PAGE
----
Bald eagle nest in Philadelphia fails

Last year, state officials said they had confirmed more than 100 bald eagle nests in Pennsylvania for the first time in more than a century.

May 30, 2007 10:50
1 minute read.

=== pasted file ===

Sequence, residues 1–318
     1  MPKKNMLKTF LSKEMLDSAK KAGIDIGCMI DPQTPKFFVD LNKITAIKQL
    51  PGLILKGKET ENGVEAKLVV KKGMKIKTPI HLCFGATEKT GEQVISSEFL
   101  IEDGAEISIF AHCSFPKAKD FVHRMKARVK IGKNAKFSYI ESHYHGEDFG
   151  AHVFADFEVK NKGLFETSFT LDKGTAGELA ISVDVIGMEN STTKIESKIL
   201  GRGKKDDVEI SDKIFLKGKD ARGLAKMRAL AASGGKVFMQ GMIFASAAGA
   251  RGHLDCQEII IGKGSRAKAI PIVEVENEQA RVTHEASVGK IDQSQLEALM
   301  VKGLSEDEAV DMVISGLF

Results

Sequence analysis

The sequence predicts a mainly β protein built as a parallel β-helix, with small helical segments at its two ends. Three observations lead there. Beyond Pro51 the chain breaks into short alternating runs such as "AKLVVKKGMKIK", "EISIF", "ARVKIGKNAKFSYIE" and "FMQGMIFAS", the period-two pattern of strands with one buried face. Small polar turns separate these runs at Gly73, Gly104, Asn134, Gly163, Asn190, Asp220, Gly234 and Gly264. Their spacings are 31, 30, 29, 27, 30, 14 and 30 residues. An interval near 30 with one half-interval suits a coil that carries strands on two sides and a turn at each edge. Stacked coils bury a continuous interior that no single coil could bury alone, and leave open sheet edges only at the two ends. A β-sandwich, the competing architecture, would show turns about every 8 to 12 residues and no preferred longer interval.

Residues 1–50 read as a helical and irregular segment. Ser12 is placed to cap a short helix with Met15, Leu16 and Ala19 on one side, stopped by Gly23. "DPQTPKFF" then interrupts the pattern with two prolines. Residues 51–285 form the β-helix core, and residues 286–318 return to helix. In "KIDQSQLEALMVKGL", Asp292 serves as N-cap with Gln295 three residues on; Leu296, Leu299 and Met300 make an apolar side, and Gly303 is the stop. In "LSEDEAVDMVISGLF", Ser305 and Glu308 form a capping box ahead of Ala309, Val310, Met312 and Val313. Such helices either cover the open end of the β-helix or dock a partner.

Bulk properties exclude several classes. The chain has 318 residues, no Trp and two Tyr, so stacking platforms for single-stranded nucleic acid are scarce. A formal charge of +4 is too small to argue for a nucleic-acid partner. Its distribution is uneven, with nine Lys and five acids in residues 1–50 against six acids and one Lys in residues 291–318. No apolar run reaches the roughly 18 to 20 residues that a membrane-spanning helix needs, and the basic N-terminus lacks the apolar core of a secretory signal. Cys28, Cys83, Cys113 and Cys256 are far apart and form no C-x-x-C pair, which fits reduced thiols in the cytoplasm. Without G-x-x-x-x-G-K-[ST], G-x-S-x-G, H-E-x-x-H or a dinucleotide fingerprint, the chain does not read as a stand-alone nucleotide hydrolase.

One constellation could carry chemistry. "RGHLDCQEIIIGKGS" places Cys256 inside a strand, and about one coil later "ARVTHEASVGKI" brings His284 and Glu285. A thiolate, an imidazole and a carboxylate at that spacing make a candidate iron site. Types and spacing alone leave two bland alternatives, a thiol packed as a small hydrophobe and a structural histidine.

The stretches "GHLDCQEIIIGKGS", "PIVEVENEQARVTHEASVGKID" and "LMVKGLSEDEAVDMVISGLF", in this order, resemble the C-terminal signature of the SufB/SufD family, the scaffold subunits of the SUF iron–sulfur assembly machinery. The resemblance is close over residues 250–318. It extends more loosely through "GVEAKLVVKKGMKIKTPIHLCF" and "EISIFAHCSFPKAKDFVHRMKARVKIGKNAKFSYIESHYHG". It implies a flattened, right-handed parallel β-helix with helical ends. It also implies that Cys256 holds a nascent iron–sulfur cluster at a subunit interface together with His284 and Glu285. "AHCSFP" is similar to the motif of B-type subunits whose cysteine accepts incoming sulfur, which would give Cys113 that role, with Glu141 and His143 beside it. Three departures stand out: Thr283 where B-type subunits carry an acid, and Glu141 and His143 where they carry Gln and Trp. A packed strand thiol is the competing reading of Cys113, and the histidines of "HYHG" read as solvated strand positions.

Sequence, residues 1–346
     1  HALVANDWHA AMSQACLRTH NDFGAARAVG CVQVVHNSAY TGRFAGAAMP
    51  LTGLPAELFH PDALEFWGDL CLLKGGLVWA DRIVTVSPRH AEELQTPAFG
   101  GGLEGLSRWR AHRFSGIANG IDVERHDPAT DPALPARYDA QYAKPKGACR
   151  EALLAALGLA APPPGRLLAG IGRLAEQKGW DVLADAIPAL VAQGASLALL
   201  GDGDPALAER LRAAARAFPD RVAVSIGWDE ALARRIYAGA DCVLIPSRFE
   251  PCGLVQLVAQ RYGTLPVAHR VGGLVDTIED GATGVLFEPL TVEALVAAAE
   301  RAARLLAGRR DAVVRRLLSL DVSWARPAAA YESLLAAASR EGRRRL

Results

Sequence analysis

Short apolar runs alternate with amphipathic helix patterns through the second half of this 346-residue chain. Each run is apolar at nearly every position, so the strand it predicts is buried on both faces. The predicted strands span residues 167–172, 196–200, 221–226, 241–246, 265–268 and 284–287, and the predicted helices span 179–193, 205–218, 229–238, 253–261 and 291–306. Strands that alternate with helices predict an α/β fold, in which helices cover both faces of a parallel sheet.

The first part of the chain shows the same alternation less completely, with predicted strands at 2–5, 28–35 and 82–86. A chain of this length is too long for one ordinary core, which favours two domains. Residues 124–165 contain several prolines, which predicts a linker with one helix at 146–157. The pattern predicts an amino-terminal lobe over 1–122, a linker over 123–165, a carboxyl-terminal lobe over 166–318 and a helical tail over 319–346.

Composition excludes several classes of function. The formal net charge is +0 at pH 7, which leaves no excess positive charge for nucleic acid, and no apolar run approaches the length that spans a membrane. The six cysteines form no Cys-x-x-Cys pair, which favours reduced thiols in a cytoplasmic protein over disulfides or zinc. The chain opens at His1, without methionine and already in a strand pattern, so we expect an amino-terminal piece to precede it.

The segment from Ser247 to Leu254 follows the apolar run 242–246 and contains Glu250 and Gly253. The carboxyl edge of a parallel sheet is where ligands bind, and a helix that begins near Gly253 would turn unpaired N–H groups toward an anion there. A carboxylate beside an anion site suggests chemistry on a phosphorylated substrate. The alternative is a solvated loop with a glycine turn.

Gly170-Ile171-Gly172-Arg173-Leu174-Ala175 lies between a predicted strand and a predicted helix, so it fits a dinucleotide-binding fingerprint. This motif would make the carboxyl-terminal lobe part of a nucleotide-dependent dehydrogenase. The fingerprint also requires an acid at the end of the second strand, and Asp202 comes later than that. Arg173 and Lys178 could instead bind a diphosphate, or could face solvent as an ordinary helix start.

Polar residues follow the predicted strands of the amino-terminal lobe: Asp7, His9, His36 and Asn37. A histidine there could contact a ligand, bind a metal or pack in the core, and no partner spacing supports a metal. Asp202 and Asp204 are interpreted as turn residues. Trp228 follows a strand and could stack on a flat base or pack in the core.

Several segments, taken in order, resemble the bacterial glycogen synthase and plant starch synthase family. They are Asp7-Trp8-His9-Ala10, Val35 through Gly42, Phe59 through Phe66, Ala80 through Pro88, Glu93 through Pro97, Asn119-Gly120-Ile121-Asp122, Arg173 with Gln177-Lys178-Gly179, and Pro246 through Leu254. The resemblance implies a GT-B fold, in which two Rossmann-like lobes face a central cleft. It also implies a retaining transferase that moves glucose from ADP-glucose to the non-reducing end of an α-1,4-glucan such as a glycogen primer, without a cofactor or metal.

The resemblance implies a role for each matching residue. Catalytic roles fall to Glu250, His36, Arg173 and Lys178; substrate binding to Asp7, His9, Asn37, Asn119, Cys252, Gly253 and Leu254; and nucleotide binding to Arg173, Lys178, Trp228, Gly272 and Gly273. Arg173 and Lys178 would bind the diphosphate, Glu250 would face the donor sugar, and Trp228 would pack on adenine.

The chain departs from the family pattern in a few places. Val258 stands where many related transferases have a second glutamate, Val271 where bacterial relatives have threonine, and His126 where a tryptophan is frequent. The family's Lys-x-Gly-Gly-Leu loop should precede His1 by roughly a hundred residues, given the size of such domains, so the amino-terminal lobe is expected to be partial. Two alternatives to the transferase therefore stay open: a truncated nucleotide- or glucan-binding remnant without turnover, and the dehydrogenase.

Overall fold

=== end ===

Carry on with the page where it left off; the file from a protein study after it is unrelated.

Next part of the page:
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A bald eagle nest at the old Philadelphia Navy Yard has failed, but birdwatchers are holding out hope that the first pair of bald eagles spotted in the city in more than 200 years will nest again next year. After the nest was spotted in February, state officials began keeping a close eye on the eagles in hopes that they would breed. But birdwatchers and state officials say the eagles haven't been spotted since April. "We believe it is failed and that the birds are gone," said Debbie Beer, a birder who spotted the eagles in February and has been helping the state to monitor them. "I'm hoping that they come back next year and nest again." Beer last spotted the birds on April 5. Dan Brauning, wildlife diversity supervisor for the state Game Commission, said the birds could still be nearby. "I would not expect them to abandon that area," he said. State officials estimate that 20 percent to 30 percent of bald eagle nests fail each year in Pennsylvania. Last year, state officials said they had confirmed more than 100 bald eagle nests in Pennsylvania for the first time in more than a century. State officials have gone back to the Philadelphia nesting site several times, but have found no evidence that the birds returned. The nest's discovery has complicated real estate development plans at the old Navy Yard. The birds are protected by the federal Endangered Species Act, meaning nearby development plans could be altered, delayed or even halted. But the U.S. Fish and Wildlife Service is expected to delist the eagle next month because of how well it has rebounded. Such a move could ease the restrictions on development near bald eagle nests.

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